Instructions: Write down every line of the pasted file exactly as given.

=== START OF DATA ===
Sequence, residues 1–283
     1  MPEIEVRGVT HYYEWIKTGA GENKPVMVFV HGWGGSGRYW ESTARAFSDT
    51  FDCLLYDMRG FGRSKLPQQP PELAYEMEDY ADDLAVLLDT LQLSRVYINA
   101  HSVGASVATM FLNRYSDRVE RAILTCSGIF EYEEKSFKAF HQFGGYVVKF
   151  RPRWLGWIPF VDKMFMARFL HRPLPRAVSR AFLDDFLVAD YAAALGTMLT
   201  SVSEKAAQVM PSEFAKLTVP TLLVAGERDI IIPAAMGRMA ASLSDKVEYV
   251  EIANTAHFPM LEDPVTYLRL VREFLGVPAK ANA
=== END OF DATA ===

Sequence, residues 1–283
     1  MPEIEVRGVT HYYEWIKTGA GENKPVMVFV HGWGGSGRYW ESTARAFSDT
    51  FDCLLYDMRG FGRSKLPQQP PELAYEMEDY ADDLAVLLDT LQLSRVYINA
   101  HSVGASVATM FLNRYSDRVE RAILTCSGIF EYEEKSFKAF HQFGGYVVKF
   151  RPRWLGWIPF VDKMFMARFL HRPLPRAVSR AFLDDFLVAD YAAALGTMLT
   201  SVSEKAAQVM PSEFAKLTVP TLLVAGERDI IIPAAMGRMA ASLSDKVEYV
   251  EIANTAHFPM LEDPVTYLRL VREFLGVPAK ANA